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I am a beginner in Quantum Espresso When I want to calculate the total energy for Cu for example, I write the input file for primitive cell or conventional cell, what is the difference?

Thank you

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  • $\begingroup$ The absolute value of the total energy in Quantum ESPRESSO (or to my knowledge, any other existing DFT code) is not useful. You can either use primitive cells or conventional cells as long as you stick with your original choice for all subsequent calculations. The difference in the energy values doesn't matter because you cannot simply compare energy obtained from two different cell types. Related: this, this, this. $\endgroup$ Sep 16, 2023 at 7:25
  • $\begingroup$ However if you are using different cells, especially small ones, be careful to make sure the k point sampling is consistent so that you really are comparing like with like $\endgroup$
    – Ian Bush
    Sep 16, 2023 at 8:32

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The short answer is that, scientifically, it doesn't matter which cell you use, but you need to think about what you actually want to compute. In particular (as mentioned in the comments to your question):

  1. The total energy is not meaningful by itself, because it has an arbitrary zero. It is the differences in total energy between different calculations which are interesting, because these relate to actual observables. For example, the change in energy when you move an atom a small amount tells you the force acting on that atom.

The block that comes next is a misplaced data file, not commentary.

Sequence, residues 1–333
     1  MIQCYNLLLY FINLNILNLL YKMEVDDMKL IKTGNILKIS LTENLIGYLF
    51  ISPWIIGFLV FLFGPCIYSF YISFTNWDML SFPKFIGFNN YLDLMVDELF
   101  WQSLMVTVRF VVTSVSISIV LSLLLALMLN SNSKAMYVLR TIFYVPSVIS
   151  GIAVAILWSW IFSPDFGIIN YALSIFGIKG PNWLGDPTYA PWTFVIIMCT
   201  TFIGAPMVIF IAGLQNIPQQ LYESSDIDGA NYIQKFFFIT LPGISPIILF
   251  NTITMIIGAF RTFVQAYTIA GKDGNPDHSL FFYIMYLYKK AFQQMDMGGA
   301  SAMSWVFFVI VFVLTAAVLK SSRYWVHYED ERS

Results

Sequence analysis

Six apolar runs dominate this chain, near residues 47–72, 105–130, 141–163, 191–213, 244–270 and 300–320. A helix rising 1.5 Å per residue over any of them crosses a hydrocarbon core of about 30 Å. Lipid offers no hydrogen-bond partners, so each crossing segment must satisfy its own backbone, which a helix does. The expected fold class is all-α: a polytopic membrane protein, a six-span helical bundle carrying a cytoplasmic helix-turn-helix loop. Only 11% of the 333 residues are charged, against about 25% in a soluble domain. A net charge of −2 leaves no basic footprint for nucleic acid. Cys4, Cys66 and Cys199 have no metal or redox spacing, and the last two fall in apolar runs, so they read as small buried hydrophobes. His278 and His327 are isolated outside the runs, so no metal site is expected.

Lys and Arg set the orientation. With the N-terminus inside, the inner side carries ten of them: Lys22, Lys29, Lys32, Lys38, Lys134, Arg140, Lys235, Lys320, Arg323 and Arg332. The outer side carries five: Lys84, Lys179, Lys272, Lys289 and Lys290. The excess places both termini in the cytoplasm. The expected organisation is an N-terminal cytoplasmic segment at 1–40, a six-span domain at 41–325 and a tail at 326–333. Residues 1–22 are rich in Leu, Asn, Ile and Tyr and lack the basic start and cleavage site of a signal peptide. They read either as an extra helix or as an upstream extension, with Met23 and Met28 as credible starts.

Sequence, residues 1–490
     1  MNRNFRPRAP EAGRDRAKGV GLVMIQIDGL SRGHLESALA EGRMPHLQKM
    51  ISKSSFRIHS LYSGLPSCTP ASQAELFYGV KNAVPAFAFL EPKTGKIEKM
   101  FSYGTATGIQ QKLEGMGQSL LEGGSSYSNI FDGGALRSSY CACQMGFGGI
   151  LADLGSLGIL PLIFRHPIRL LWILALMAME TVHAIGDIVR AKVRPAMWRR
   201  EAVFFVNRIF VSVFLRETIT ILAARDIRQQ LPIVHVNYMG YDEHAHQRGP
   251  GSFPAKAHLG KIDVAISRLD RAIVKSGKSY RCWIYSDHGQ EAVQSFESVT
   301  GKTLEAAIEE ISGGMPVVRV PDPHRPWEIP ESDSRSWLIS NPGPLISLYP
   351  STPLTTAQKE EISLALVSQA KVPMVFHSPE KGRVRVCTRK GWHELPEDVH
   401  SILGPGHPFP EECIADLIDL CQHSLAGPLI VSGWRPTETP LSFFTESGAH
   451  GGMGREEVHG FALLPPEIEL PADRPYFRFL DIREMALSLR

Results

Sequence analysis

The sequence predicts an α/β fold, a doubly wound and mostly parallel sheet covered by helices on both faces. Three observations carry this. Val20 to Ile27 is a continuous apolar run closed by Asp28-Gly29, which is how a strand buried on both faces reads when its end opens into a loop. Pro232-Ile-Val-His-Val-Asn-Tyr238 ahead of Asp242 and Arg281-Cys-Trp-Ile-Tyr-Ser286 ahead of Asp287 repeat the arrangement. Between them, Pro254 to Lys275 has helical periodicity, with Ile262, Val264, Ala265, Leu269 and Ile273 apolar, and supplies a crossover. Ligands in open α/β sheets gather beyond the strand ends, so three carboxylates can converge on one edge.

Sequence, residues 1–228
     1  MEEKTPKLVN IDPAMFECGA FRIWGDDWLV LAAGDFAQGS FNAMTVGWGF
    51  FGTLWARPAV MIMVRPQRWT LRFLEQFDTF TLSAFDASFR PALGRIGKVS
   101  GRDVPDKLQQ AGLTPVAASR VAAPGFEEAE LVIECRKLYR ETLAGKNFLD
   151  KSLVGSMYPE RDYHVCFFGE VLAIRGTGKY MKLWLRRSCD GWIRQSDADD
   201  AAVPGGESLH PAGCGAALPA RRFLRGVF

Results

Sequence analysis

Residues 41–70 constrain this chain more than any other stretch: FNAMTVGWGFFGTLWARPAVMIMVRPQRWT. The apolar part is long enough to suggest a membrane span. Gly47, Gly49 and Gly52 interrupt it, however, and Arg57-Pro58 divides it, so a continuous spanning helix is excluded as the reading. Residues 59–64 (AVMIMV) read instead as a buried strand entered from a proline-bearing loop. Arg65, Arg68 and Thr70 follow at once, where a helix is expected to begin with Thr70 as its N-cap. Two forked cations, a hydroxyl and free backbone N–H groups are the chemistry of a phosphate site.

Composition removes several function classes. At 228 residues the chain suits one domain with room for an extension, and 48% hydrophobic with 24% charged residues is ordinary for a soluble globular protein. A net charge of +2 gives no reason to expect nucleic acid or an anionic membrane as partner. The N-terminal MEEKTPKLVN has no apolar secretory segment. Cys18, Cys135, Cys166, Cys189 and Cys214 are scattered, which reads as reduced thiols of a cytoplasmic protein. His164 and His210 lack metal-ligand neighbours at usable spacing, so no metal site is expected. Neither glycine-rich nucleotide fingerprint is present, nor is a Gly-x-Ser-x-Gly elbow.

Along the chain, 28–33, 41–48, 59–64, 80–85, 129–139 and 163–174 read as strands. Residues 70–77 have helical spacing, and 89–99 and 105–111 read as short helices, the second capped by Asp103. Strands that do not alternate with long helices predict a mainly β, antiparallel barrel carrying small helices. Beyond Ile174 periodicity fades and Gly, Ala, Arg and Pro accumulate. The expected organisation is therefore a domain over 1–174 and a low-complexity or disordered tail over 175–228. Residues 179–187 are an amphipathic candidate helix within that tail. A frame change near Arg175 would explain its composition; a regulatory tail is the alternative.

2. The total energy you compute will be the total energy for the simulation cell you used as input. When comparing energies between two systems, you will usually want to normalise the total energy to per atom (or possibly per unit volume), so that you can compare systems with different numbers of atoms.

For example, if cell A is a 2-atom primitive cell of a particular material phase, and cell B is the 8-atom conventional cell of a different phase (of the same material), you might be interested in knowing which phase has the lowest internal energy. Because cell B has four times the number of atoms that cell A has, you need to divide its total energy by four in order to compare it to the energy from cell A. In general, the simplest is to convert the energies to the energy per atom, in which case the energy from cell A would be divided by 2, and the energy of cell B would be divided by 8.

When comparing energies between two simulations, you do need to ensure both calculations are converged to the same accuracy so that the errors cancel when you take the difference.

This is the answer as far as the "science" goes; however, the computational demands of a larger cell will almost always be greater than those of the smaller cell. This is because the time taken by a conventional density functional theory programme (like QE) increases faster than linearly with the size of the simulated cell. Some parts of the calculation scale quadratically with the number of electrons, for example, and some parts scale cubically. In contrast, a larger simulation cell will use fewer k-points, so there is some saving in computational time there (though not enough to offset the increase in bands, plane-waves and atoms).

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